US military distancing from rape suspect worries Okinawa

NAHA–US military refusal to accept protest by Okinawa Prefecture officials over alleged sexual assault of Japanese woman by civilian employee of a US government agency puts even more strain on ties in Japan’s southernmost prefecture.

The dispute stems from an incident in July involving a 25-year-old civilian worker who was arrested on suspicion of attempted forced sex. Police suspect he attempted to sexually assault a Japanese woman in the central part of the main island of Okinawa in April.

On August 19, the Okinawa Prefectural Assembly unanimously adopted a protest resolution and a written opinion calling on the governments of Japan and the United States to work to prevent the repetition of an act “which violated human dignity.” .

According to Okinawa Prefecture officials, after the man’s arrest, an attempt was made to contact the U.S. military to lodge a protest and demand that efforts be made to prevent a recurrence.

But the US military said it could not accept the protest because the individual arrested was not under its direct direction. He suggested that the Okinawa Prefecture government try to submit the protest to the organization that hired the individual, which is affiliated with the Pentagon.

The man was employed by the Army and Air Force Exchange Service (AAFES), which sells food and other supplies to U.S. military personnel and their families. According to the organization’s website, it is governed by a board of directors that reports to the secretaries of the United States Army and Air Force.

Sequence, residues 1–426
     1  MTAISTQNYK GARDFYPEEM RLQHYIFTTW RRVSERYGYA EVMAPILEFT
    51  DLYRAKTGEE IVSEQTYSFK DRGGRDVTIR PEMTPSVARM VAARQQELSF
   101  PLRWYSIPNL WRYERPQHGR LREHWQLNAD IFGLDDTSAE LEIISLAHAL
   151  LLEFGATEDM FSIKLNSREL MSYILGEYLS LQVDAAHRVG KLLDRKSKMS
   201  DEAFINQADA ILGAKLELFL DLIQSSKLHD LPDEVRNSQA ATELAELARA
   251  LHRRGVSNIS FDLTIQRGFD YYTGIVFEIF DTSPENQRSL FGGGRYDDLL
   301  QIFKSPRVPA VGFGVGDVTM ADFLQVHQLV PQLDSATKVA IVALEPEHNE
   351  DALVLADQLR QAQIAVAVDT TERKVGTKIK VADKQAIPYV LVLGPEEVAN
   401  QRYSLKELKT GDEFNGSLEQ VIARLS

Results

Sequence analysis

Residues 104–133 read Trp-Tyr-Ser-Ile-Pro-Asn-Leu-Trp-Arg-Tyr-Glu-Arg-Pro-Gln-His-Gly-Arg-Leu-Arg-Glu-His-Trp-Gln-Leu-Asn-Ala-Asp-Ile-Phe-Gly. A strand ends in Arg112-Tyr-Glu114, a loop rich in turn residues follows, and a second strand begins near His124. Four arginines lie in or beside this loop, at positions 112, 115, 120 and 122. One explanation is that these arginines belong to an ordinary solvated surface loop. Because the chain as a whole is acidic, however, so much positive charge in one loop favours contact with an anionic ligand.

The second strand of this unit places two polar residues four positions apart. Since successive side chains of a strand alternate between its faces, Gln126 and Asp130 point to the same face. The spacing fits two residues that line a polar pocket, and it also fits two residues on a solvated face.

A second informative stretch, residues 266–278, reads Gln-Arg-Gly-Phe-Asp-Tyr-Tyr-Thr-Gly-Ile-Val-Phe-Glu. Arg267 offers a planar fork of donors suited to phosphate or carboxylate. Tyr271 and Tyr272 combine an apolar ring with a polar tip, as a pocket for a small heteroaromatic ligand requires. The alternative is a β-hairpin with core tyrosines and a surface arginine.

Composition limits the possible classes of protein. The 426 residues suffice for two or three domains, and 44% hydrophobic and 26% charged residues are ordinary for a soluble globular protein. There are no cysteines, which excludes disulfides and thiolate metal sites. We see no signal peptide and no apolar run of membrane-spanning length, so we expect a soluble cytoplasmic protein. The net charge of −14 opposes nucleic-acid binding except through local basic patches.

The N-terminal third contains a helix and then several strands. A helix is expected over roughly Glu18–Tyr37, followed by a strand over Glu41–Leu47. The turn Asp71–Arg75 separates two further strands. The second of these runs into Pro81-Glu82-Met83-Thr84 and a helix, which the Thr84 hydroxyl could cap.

Under the Japan-United States Status of Forces Agreement (SOFA), the United States is granted the “primary right” to jurisdiction over United States military personnel and United States civilian workers at bases. Americans who have been involved in crimes or accidents while on duty.

But the definition of a civilian worker was ambiguous, and a clarification was made following an incident in 2016 in Uruma, Okinawa Prefecture, in which a local woman was murdered by a civilian worker.

Under the new definition agreed to by the two governments, eight categories of civilian workers have been clarified, including those hired by companies under contract with the US military as well as those hired by organizations that provide social services to military personnel. American.

The protest resolution passed by the Okinawa prefectural assembly was due in large part to the refusal of the US military to accept the initial protest. The assembly intends to submit the resolution to AAFES.

A senior prefecture government official said he found it inappropriate for a civilian worker protected by SOFA not to be under the jurisdiction of any segment of the US military.

But another official questioned the effect of the protest, as repeated demands on the US military to prevent the recurrence of various incidents produced almost no effect.


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